the result to the defined threshold. If the event is allowed, the
    corresponding counter is increased (last column):

        1 hour ago                     Now
          +-----------------------------+
          | 3  | 7  | 0  | 0  | 4  | 2  |
          +-----------------------------+
           4:10 4:20 4:30 4:40 4:50 5:00

    While time progresses, old buckets are expired and then reused for new
    data. 10 minutes later, the bucket layout would look like this:

        1 hour ago                     Now
          +-----------------------------+
          | 7  | 0  | 0  | 4  | 2  | 0  |
          +-----------------------------+
           4:20 4:30 4:40 4:50 5:00 5:10

  LOCKING
    When used with a persistent data store, "Data::Throttler" protects
    competing applications from clobbering the database by using the locking
    mechanism offered with "DBM::Deep". Both the "try_push()" and the
    "buckets_dump" function already perform locking behind the scenes.

    If you see a need to lock the data store yourself, i.e. when trying to
    push counters for several keys simultaneously, use

        $throttler->lock();

    and

        $throttler->unlock();

    to protect the data store against competing applications.

  RESETTING
    Sometimes, you may need to reset a specific counter, e.g. if an IP
    address has been unintentionally throttled:

        my $count = $throttler->reset_key(key => "192.168.0.1");

    The "reset_key" method returns the total number of attempts so far.

  ADVANCED USAGE
    By default, "Data::Throttler" will decide on the number of buckets by
    dividing the time interval by 10. It won't handle sub-seconds, though,
    so if the time interval is less then 10 seconds, the number of buckets
    will be equal to the number of seconds in the time interval.

    If the default bucket allocation is unsatisfactory, you can specify it
    yourself:

        my $throttler = Data::Throttler->new(
            max_items   => 100,
            interval    => 3600,
            nof_buckets => 42,
        );

    Mainly for debugging and testing purposes, you can specify a different
    time than *now* when trying to push an item:

        if($throttler->try_push(
              key  => "somekey",
              time => time() - 600 )) {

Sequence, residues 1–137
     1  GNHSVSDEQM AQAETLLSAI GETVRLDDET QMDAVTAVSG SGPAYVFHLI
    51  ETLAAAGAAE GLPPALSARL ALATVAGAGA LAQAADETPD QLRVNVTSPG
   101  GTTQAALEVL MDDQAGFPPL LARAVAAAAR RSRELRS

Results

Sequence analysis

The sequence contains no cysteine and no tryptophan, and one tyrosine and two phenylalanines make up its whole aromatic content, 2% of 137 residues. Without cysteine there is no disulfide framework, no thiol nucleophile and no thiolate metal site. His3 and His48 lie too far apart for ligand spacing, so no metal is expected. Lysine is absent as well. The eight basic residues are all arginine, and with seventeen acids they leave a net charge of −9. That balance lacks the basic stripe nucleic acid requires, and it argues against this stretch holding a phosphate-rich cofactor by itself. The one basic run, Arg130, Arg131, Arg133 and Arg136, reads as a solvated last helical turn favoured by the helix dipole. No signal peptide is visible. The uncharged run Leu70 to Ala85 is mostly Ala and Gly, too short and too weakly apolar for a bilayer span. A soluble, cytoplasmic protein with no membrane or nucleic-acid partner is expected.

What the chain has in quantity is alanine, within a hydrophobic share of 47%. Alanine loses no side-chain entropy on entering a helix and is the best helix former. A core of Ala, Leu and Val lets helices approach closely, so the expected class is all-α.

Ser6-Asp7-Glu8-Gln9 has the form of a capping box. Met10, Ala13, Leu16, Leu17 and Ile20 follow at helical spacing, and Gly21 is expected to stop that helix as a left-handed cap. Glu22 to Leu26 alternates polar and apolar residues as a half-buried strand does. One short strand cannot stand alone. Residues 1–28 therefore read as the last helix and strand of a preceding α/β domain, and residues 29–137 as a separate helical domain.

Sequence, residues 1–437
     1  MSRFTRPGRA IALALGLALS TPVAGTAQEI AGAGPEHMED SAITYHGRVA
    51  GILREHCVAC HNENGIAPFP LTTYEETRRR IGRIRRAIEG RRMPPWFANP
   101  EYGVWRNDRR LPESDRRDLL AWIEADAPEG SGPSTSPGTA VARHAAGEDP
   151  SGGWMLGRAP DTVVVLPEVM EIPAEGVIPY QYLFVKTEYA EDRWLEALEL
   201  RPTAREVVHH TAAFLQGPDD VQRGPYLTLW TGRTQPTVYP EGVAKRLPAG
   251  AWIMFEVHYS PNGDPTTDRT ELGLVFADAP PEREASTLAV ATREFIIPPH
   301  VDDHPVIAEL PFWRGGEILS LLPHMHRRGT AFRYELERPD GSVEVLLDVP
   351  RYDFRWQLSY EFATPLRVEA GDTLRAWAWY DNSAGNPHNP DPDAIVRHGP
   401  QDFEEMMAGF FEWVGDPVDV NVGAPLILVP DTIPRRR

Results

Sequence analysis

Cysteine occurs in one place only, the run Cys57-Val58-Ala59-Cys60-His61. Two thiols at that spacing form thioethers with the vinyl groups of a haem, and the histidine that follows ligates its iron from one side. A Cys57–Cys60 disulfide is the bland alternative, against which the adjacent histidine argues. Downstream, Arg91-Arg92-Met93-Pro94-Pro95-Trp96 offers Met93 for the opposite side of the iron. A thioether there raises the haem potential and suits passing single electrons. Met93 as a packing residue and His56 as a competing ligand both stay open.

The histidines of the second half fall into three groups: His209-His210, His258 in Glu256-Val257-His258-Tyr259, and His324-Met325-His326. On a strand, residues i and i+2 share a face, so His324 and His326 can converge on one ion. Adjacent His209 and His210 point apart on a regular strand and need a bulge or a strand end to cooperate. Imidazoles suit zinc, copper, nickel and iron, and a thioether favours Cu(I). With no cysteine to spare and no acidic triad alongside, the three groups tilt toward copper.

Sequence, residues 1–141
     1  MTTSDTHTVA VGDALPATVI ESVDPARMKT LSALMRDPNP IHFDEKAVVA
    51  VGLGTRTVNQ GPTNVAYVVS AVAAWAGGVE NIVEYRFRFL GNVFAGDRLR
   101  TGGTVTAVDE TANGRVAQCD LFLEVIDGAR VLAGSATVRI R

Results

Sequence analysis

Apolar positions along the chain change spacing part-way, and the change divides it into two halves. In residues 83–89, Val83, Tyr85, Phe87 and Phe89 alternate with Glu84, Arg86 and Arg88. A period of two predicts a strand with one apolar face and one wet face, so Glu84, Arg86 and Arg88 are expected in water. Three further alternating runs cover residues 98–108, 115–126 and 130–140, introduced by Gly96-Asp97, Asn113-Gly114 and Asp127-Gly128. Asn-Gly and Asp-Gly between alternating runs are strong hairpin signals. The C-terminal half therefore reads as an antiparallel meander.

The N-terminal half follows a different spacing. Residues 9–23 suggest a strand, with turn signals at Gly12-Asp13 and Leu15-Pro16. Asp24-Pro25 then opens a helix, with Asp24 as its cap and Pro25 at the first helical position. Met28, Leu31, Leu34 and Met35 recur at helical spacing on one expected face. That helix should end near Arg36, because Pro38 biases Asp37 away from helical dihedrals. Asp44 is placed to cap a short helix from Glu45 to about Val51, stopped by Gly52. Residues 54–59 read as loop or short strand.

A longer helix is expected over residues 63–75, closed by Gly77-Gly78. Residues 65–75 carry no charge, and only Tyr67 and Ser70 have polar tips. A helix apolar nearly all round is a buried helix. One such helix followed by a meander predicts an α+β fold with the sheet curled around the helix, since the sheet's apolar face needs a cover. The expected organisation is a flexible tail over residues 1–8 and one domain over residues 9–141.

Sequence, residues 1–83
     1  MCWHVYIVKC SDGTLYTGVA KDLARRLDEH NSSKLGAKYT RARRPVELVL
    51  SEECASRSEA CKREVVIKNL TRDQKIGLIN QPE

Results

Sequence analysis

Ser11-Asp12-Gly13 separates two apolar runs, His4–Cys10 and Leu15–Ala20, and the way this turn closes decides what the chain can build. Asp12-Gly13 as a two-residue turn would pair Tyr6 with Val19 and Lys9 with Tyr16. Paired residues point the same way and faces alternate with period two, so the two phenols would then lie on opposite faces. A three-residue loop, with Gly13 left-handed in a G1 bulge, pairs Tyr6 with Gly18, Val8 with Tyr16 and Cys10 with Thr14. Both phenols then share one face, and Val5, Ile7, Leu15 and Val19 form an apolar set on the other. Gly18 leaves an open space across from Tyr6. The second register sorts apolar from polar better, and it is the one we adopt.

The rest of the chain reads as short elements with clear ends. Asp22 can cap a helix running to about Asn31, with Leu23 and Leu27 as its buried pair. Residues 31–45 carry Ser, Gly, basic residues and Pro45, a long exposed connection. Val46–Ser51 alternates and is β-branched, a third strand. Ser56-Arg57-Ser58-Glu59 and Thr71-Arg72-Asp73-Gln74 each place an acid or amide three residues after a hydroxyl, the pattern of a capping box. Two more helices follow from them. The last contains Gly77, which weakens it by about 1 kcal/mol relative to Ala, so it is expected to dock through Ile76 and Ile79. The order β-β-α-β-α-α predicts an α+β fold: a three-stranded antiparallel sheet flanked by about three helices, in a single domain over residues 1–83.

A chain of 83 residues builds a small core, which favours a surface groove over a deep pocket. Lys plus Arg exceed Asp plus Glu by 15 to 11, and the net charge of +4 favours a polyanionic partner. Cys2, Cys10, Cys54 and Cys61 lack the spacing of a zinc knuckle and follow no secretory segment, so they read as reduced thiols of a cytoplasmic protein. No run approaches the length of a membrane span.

print "Item can be pushed in the past\n";
        }

    Also for debugging and testing purposes, you can obtain the current
    value of an item:

        my $val = $throttler->current_value(key => "somekey");

    Speaking of debugging, there's a utility method "buckets_dump" which
    returns a string containing a formatted representation of what's in each
    bucket. It requires the CPAN module Text::ASCIITable, so make sure to
    have it installed before calling the method. The module is not a
    requirement for Data::Throttler on purpose.

    So the code

        use Data::Throttler;
    
        my $throttler = Data::Throttler->new(
            interval  => 3600,
            max_items => 10,
        );

        $throttler->try_push(key => "foobar");
        $throttler->try_push(key => "foobar");
        $throttler->try_push(key => "barfoo");
        print $throttler->buckets_dump();

    will print out something like

        .----+-----+---------------------+--------+-------.
        | #  | idx | Time: 14:43:00      | Key    | Count |
        |=---+-----+---------------------+--------+------=|
        |  1 |   0 | 13:49:00 - 13:54:59 |        |       |
        |  2 |   1 | 13:55:00 - 14:00:59 |        |       |
        |  3 |   2 | 14:01:00 - 14:06:59 |        |       |
        |  4 |   3 | 14:07:00 - 14:12:59 |        |       |
        |  5 |   4 | 14:13:00 - 14:18:59 |        |       |
        |  6 |   5 | 14:19:00 - 14:24:59 |        |       |
        |  7 |   6 | 14:25:00 - 14:30:59 |        |       |
        |  8 |   7 | 14:31:00 - 14:36:59 |        |       |
        |  9 |   8 | 14:37:00 - 14:42:59 |        |       |
        | 10 |   9 | 14:43:00 - 14:48:59 | barfoo |     1 |
        |    |     |                     | foobar |     2 |
        '----+-----+---------------------+--------+-------'

    and allow for further investigation.

LICENSE
    Copyright 2007 by Mike Schilli, all rights reserved. This program is
    free software, you can redistribute it and/or modify it under the same
    terms as Perl itself.

AUTHOR
    2007, Mike Schilli <cpan@perlmeister.com>